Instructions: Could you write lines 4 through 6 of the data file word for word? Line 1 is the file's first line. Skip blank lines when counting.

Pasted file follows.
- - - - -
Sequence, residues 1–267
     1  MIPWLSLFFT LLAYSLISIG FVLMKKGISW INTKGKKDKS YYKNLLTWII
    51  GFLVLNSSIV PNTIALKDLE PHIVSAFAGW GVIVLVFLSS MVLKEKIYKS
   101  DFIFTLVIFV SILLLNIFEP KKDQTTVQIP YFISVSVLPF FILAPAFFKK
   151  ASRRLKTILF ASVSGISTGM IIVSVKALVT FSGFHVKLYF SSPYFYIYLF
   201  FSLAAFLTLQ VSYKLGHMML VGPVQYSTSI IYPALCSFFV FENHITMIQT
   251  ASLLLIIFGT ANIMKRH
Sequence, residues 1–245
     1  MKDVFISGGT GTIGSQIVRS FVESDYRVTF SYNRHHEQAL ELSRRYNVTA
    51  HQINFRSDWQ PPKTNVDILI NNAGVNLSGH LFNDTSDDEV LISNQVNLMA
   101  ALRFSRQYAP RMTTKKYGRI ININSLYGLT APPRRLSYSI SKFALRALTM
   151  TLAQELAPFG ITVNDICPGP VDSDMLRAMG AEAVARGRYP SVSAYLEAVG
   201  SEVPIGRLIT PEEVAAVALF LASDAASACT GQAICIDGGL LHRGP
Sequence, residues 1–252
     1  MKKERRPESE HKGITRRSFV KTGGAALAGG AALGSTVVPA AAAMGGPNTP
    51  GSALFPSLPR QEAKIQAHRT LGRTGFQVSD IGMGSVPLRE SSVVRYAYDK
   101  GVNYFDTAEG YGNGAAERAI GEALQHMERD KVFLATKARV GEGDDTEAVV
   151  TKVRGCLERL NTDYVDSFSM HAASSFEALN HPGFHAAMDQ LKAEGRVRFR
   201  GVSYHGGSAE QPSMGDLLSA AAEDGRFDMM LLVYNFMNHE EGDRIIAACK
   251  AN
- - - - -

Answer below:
   101  DFIFTLVIFV SILLLNIFEP KKDQTTVQIP YFISVSVLPF FILAPAFFKK
   151  ASRRLKTILF ASVSGISTGM IIVSVKALVT FSGFHVKLYF SSPYFYIYLF
   201  FSLAAFLTLQ VSYKLGHMML VGPVQYSTSI IYPALCSFFV FENHITMIQT